Luke on the Boundary Trail in the Kangaroo Roadless Area, on the edge of the Red Buttes Wilderness. This wonderful profusion of wildflowers followed the Fort Goff Complex fire of 2012.
Luke on the Boundary Trail in the Kangaroo Roadless Area, on the edge of the Red Buttes Wilderness. This wonderful profusion of wildflowers followed the Fort Goff Complex fire of 2012.

An abundance of wildflower species growing along the Boundary Trail in the Red Buttes following the 2012 Goff Fire, part of the Fort Complex Fire.

Pollinator habitat restoration on public land along the Applegate River

Planting native pollinator plants on public land along the Applegate River.
Hot rock penstemon (Penstemon deustus) plants grown at the Dorena Forest Service nursery from seeds collected by Klamath-Siskiyou Native Seeds.
The Rogue River-Siskiyou National Forest has been implementing pollinator habitat restoration projects on public land along the Applegate River. Over the last two years many sites along the Applegate River have been planted with native flowering plants beneficial to native pollinators such as bees, butterflies, moths, hummingbirds, beetles, and pollinating flies and wasps. Monarch butterfly conservation has been a particular focus of the project, and many of the native plants will provide crucial nectar resources for monarch butterflies as they migrate along the Applegate River.
Tall wooly buckwheat (Eriogonum elatum var. villosum)
Bush pestemon (Keckiella lemmonii)
Many of these pollinator plants have been grown at the Forest Service’s Dorena Nursery, from seeds collected by Klamath-Siskiyou Native Seeds (KSNS). The seeds were collected from native pentemons, buckwheats, milkweed, western verbena, bluehead gilia, bush penstemons, and bicolor annual lupines that grow in the vicinity of the project areas, making the seed ideally suited for site-specific habitat restoration. Some of the seed was used for growing containerized plants at the nursery for out-planting, and some of the seed has been direct seeded at the project sites.
Planting native plants for pollinator habitat on public land along the Applegate River.
Planting milkweed for monarch butterfly conservation on public land along the Applegate River.
At KSNS, we are happy to be part of this important work. We have also volunteered to help plant some of the plants alongside Forest Service staff, Southern Oregon Monarch Advocates, Applegate Neighborhood Network, and local Applegate community members. We look forward to seeing these areas with abundant flowers and pollinators in the near future, and we hope our public land managers continue implementing projects that benefit native plant and pollinator conservation.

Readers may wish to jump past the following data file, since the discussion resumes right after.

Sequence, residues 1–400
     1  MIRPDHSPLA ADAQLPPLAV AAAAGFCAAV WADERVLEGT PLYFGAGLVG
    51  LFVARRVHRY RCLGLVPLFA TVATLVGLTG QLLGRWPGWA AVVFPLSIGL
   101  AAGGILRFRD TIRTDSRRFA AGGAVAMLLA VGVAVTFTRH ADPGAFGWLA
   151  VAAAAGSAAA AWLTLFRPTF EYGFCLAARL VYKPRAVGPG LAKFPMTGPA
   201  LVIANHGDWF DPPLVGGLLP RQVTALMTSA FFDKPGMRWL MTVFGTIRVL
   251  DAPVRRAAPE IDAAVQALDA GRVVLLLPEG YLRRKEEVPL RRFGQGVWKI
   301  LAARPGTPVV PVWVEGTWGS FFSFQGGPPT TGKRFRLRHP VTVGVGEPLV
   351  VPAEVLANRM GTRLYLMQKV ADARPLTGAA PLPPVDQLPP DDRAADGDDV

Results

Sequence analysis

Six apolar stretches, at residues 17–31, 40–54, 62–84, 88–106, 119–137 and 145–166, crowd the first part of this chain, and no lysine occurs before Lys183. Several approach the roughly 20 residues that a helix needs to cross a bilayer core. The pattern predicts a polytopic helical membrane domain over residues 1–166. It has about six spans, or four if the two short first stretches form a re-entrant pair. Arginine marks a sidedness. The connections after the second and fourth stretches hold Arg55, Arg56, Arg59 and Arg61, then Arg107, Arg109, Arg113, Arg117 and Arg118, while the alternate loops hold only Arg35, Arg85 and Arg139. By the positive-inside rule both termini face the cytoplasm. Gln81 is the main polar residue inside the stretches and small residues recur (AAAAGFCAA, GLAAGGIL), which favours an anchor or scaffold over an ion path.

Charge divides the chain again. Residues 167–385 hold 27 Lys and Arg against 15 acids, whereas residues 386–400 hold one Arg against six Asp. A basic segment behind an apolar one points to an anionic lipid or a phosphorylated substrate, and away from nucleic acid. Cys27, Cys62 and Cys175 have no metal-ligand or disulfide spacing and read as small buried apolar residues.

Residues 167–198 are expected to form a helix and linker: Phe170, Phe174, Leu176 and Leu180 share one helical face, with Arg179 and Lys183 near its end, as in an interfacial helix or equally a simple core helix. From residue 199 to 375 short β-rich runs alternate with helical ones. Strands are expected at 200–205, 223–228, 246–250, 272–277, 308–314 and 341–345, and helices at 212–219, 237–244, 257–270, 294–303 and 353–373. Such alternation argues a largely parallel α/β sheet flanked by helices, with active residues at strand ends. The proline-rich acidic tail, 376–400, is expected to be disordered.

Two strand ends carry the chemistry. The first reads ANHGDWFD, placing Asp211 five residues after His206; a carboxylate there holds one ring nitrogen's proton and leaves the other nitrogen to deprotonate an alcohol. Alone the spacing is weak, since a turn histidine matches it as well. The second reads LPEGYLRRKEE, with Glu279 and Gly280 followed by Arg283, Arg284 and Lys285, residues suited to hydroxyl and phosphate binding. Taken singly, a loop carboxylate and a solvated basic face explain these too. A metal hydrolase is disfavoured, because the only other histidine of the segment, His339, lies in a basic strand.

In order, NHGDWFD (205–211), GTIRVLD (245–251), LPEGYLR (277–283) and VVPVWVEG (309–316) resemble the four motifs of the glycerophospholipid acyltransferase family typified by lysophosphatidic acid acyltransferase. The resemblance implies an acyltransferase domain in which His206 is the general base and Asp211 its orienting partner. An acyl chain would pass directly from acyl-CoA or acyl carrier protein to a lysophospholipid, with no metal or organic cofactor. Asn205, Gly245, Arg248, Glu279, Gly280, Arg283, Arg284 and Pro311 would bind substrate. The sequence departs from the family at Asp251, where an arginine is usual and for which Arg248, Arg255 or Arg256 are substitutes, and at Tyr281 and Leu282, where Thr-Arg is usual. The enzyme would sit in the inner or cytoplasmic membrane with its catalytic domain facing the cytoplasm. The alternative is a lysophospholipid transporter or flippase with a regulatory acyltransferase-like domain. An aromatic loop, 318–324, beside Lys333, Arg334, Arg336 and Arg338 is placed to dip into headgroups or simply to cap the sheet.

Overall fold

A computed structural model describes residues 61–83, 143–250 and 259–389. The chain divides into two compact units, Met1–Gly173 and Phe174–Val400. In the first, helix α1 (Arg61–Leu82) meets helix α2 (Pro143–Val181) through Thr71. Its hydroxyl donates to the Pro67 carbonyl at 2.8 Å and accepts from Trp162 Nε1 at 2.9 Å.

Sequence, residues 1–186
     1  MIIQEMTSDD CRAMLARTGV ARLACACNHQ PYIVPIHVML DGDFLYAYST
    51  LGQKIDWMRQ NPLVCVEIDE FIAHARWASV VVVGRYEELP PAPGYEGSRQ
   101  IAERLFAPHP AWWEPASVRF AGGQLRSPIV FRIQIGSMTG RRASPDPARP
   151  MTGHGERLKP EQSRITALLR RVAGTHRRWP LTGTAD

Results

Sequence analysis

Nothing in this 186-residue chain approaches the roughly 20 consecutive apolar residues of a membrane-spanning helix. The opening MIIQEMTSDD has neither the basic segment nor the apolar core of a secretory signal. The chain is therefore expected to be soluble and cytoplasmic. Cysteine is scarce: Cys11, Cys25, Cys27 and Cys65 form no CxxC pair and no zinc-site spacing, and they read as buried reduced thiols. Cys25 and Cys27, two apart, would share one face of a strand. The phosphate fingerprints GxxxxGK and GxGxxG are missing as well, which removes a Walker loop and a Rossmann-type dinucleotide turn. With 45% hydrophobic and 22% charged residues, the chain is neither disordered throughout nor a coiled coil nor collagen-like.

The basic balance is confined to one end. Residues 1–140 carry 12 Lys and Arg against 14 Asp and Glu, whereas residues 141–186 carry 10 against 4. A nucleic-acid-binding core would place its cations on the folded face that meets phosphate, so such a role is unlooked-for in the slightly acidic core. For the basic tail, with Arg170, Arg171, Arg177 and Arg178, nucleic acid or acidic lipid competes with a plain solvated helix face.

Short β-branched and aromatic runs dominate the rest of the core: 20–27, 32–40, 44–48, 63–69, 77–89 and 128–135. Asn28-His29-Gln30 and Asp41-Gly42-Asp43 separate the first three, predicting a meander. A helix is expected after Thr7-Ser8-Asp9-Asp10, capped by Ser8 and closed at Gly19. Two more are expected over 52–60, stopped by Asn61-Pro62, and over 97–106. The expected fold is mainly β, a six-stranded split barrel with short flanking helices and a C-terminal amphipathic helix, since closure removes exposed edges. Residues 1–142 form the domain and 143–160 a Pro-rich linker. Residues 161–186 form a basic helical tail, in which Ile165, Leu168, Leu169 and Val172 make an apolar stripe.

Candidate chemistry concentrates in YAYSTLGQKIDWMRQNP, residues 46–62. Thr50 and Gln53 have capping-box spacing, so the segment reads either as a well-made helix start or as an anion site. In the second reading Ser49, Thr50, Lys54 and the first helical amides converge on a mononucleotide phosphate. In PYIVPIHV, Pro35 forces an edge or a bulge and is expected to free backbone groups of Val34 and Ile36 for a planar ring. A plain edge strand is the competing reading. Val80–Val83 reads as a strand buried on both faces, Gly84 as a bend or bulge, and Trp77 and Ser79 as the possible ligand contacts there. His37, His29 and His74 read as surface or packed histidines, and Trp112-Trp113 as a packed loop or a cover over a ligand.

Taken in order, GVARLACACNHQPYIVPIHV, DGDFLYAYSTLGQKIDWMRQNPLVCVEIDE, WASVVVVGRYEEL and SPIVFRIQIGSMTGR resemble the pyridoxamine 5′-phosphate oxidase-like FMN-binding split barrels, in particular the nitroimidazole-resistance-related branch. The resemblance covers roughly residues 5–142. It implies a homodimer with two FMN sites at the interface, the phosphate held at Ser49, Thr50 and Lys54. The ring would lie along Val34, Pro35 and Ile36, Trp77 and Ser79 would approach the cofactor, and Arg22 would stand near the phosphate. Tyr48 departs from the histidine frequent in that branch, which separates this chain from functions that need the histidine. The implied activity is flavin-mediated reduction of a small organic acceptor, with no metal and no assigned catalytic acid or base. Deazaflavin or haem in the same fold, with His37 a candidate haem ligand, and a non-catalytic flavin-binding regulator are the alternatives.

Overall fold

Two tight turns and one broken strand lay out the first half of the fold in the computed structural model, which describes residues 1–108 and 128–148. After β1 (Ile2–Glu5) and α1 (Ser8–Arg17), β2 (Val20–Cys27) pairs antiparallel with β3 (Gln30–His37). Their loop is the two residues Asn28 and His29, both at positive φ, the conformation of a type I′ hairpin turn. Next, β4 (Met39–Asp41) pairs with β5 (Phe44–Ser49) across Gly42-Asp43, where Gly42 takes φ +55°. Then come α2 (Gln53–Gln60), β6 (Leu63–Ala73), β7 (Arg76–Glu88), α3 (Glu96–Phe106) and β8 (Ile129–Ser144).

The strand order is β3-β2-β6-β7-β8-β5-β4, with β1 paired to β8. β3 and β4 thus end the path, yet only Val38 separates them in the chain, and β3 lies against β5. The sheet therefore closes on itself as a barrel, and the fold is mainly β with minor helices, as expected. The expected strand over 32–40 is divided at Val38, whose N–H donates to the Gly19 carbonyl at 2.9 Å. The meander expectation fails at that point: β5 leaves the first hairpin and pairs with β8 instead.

Growth and Survival of Two Western Milkweed Species

Asclepias speciosa with monarch butterfly

Are you the type of person who wants detailed, highly informed information about native plants and native plant propagation?

If so, you may be interested in reading a recent study that looked at the growth of showy milkweed (Asclepias speciosa) and narrowleaf milkweed (Asclepias fascicularis) in nursery production. Collecting from various locations to increase genetic diversity for the study, Klamath-Siskiyou Native Seeds supplied the seeds of both species for this research. We are happy to be a part of the growing interest in research that will help the iconic monarch butterfly.

Read the study here:

Growth and Survival of Two Western Milkweed Species: Effects of Container Volume and Fertilizer Rate


Successful Native Seed Projects

Klamath-Siskiyou Native Seeds are used in many different applications each year.

From commercial nursery production, to large and small habitat restoration projects, roadside revegetation, botanical gardens, native plant research, and backyard pollinator gardens — you name it! It gives us great satisfaction to see all the hard work come to life! What does it take? Seed site reconnaissance, collection, cleaning, processing, packaging, and lots of time goes into the production of our local, wildcrafted native seeds. We pour our hearts into it because it feels so good to watch these native plants grow, provide habitat and restore ecosystems throughout the region. Please enjoy this slide show featuring a few of the successful projects where Klamath-Siskiyou Native Seeds were used in 2017. Another great season watching native plants grown from seed thrive! Do you have a photo of the plants you grew from our seed? If so we’d love to see it! To another year of successful native seed projects! Yay!